The Digifilm Y35, teased in September, functions like a film camera with mechanical dials and no LCD screen — and photographers even have to “wind” before shooting. But the Y35 has interchangeable digital guts, or Digifilm. Instead of swapping out film cartridges and paying to get each roll developed, photographers swap out Digifilm cartridges to switch the look of each photo.
The Digifilm idea starts with several different “film” options — an ISO 1600 high speed with high contrast and more light sensitivity for low light or fast action; a black and white ISO 400 with a retro film style; ISO 200 Ultra Fine with a standard color balance; and 120 format for a 6×6 square image. The company says the system allows for developing more Digifilm types in the future.
Yashica doesn’t clarify exactly how the Digifilm works outside of providing “a different photography effect,” so it’s unclear if each Digifilm might have a sensor inside, if the Digifilm works as a sort of internal filter for a built-in sensor or if the Digifilm applies a digital filter using software. Images are saved to an SD card, not on the Digifilm.
What is clear from the tech specs, however, is that the sensor is only 1/3.2 inches, smaller than most point-and-shoots and even smaller than what’s in some smartphones. That CMOS sensor captures 14-megapixel photos and is paired with an f2, 35mm lens. The lens was upgraded from an f/2.8 as a stretch goal with the funding campaign’s success, which means the camera now includes a brighter lens that also uses an electronic shutter and allows for one-second long exposures. The update also gives the camera a five-stop exposure compensation control.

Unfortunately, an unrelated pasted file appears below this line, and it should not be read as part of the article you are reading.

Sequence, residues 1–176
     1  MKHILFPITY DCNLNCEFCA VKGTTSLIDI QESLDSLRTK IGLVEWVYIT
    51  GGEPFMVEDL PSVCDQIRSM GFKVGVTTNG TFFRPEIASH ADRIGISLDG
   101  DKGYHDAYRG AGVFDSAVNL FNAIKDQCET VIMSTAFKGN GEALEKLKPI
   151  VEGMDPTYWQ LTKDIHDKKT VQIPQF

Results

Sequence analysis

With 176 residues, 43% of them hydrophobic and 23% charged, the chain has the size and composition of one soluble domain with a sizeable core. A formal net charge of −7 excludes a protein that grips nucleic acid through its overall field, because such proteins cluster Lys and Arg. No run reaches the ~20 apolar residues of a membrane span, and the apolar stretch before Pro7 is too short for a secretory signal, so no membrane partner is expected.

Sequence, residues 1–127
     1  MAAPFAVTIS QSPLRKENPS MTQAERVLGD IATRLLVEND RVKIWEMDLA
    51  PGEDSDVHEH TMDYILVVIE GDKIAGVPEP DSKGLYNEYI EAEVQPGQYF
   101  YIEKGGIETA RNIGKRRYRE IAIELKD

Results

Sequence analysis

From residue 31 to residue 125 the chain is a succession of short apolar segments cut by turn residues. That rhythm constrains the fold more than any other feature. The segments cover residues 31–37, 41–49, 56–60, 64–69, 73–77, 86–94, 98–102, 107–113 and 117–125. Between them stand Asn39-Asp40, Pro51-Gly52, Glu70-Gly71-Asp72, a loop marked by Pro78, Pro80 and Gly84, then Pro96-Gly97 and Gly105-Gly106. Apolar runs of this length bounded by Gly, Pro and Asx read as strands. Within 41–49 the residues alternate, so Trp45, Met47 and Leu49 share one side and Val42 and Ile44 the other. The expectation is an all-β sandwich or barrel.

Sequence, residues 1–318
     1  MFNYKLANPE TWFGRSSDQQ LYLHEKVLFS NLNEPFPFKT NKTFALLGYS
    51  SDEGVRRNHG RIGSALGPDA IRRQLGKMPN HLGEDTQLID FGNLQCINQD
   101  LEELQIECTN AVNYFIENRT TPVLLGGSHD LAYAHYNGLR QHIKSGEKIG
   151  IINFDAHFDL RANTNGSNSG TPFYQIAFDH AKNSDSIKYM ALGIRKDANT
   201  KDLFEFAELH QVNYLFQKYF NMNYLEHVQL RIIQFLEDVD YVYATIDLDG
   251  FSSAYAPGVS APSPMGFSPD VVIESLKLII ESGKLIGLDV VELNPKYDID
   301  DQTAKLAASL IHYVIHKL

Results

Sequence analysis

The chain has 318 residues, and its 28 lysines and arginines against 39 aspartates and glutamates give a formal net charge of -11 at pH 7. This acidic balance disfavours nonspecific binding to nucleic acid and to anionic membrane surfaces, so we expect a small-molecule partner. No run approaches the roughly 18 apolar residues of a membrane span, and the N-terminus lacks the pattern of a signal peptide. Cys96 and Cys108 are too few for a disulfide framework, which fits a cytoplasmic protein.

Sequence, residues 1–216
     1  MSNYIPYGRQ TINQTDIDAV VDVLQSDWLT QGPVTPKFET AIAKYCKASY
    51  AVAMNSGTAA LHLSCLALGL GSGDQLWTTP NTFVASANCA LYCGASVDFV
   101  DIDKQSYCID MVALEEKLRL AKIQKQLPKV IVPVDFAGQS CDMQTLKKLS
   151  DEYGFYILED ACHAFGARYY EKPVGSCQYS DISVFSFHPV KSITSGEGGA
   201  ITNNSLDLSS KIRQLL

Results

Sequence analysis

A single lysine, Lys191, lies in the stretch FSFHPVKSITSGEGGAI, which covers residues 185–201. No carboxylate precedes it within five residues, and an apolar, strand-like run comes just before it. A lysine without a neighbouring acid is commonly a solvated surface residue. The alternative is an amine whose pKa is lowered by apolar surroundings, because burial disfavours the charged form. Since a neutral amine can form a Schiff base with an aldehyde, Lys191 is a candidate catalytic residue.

The Y35 allows photographers to choose between shutter speeds of 1s, 1/30s, 1/60s, 1/250s and 1/500s using the physical controls at the top of the camera. While the camera sports a classic Yashica look, the body is constructed from plastic and made to look metallic. With the lens, the camera measures 4.3 by 2.5 by 1.1 inches.
The Y35’s unusual design offers a similar experience to shooting with film without the ability to review the shot, with manual controls, an optical viewfinder, and even swapping film looks. But, unlike shooting actual film, the photographer ends up with digital files with no need to actually develop a roll of film.
The Yashica Digifilm Y35 is launching on Kickstarter and earned full funding in only four hours, now at over ten times the original goal. Backers can pick up the camera with three Digifilm packs for about $142, or with four film packs for $171. If the remainder of the development process is successful, Yashica expects to start shipping the cameras in April 2018.
Update: Added news of upgraded lens and new campaign details.
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